Having completed a fine-arts degree from the University of Texas at Austin, she spent two years in the Disney animation shop during WWII, after military conscription had caused the studio to relax some of its more rigid barriers against the hiring of women.
(Some pertinent ComicMix-columnbackground here from Michael Davis.)
Etta returned to Texas during the postwar years as a commercial artist and art instructor. She spent a late-1940s/early-’50s stretch with Dearfield in Chicago, working on the “Red” Rabbit comics.
Back in Texas by later 1950s, Etta began cartooning for The Texas Observer. She and her husband, a coal-company executive named Vernon Hulme, settled in Fort Worth.
“Mr. Hulme and I made a good team,” Etta told me several years ago, “what with my left-of-center political-cartooning career and his corporate-industrial career – coal-mining exploration, at that, during a time [the 1970s] when Texas was just starting to develop an environmental conscience.
“But Mr. Hulme also was ahead of his time, in that regard,” she added. “He had a policy of taking great care to minimize the damages of any mining operation, and when his company [Texas Industries] located one huge vein of coal in 1977 at Thurber, Texas, he even took pains to protect the migratory route of a rare breed of bird in that area.” (Vernon Hulme died in 1983.)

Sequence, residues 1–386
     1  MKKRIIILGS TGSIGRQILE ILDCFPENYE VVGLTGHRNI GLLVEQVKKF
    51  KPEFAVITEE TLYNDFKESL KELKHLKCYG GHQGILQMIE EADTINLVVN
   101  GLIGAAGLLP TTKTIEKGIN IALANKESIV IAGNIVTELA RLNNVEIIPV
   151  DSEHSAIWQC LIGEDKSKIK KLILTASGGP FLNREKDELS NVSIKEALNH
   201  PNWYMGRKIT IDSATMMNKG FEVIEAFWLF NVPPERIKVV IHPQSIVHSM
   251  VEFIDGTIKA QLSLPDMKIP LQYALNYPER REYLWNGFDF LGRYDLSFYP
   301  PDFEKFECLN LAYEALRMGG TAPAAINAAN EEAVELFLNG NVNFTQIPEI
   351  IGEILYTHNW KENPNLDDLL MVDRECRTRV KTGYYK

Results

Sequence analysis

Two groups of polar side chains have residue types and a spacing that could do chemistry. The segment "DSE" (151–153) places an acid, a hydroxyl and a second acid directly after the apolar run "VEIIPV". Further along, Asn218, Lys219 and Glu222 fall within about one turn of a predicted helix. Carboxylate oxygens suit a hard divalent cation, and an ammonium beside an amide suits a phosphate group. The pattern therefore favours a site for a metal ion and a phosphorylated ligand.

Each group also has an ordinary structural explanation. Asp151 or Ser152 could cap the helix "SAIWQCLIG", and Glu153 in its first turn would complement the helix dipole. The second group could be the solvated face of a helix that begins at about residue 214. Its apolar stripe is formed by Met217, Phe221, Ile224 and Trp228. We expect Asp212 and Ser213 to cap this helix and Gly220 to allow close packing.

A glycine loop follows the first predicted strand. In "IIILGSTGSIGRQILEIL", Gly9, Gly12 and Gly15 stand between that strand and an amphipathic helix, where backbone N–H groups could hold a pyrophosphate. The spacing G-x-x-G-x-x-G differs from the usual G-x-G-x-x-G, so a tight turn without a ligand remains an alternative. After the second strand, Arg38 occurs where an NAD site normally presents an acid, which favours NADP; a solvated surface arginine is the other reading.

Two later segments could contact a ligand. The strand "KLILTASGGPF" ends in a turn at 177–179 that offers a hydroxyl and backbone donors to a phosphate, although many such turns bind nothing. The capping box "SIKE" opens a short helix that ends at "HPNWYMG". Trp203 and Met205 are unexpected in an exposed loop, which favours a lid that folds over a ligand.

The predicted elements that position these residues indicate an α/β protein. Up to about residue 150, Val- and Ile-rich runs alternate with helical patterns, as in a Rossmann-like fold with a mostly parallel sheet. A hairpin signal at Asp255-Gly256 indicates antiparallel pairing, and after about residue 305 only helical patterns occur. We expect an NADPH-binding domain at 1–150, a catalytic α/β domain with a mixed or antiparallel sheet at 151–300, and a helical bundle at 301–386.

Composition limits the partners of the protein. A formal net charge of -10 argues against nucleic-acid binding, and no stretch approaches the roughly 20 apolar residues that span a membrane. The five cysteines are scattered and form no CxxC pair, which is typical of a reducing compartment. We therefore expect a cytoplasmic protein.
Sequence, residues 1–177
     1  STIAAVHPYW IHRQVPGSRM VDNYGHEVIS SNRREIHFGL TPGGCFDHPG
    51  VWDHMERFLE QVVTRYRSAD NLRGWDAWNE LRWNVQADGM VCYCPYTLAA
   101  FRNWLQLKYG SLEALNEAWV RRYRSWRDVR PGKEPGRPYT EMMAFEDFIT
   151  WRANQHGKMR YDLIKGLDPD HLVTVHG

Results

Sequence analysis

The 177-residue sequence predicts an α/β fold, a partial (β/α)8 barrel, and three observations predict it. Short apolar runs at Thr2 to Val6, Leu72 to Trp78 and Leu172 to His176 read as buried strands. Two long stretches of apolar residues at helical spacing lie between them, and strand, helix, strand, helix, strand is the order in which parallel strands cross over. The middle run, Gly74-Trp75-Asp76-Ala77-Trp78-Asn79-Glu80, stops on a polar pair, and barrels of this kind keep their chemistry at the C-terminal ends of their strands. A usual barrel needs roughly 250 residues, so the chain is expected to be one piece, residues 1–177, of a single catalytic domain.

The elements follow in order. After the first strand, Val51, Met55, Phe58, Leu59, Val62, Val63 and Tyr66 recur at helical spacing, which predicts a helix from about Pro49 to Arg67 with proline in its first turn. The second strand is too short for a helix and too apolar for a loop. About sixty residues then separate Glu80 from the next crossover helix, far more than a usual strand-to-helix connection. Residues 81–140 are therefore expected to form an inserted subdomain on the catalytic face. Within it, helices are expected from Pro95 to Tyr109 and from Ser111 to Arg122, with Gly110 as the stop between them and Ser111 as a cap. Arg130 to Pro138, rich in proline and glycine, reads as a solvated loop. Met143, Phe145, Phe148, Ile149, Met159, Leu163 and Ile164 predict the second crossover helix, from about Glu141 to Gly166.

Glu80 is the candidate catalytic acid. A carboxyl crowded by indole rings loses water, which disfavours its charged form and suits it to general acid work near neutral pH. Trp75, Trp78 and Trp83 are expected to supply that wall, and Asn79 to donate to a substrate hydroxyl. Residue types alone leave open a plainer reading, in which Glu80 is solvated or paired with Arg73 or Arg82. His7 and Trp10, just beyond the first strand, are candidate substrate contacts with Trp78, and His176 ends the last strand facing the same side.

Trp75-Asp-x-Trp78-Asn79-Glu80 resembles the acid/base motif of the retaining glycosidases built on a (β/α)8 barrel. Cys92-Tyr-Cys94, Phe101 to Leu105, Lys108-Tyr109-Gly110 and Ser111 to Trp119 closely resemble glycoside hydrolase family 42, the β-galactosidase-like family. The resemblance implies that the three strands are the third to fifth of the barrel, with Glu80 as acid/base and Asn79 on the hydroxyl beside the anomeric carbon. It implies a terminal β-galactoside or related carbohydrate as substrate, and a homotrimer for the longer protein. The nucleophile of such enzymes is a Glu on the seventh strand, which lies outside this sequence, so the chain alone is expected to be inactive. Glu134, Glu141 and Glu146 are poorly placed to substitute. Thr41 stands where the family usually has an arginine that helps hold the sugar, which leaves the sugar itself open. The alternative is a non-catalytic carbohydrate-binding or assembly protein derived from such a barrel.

The lapse from the Old Guard Liberalism of the Texas Observer to the hometown-daily Star-Telegrammight have found Etta’s readers expecting a softening of her social-critic voice. The Hulme cartoons have retained their edge, from then to now, at the mainstream daily.
“Good old-fashioned ridicule – that’s the ticket,” Etta says. “And a lot of absurdity, too. Let the readers know you’re having fun, poking fun at the politicians and taking a stand on the issues, and they’re likely as not to get a kick out of a cartoon even if they disagree with it. All except for those miserable souls who can’t take a joke.
“I love gettin’ disagreeable letters,” she adds. “I just love stirrin’ the pot until it boils over.
“Objections from the readers, disagreements with whatever stance I might take – nothin’ to ’em. Just give me some real-world abuses of power or political absurdities to work with, and I’ll find the humor necessary to point up the seriousness of a situation.
“The only obstacles I’ve ever encountered,” she continues, “have been the occasional editors who are leery of my gettin’ ‘too opinionated,’ as they’ll say, and want to slam on the brakes for me.
“Well, y’know, there’s a reason we call these things ‘editorial opinion cartoons,’” says Etta Hulme. “I’m in this business to dispense opinions, and – if the job gets done right – to get people stirred up while keepin’ things on the funny side.”
Prowler and Fishhead co-author Michael H. Price is responsible for the Forgotten Horrors series of movie-history books, from Baltimore’s Midnight Marquee Press. Price’s arts-scene commentaries can be found at www.fortworthbusinesspress.com, and in the Times Leader of Wilkes–Barre, Pa.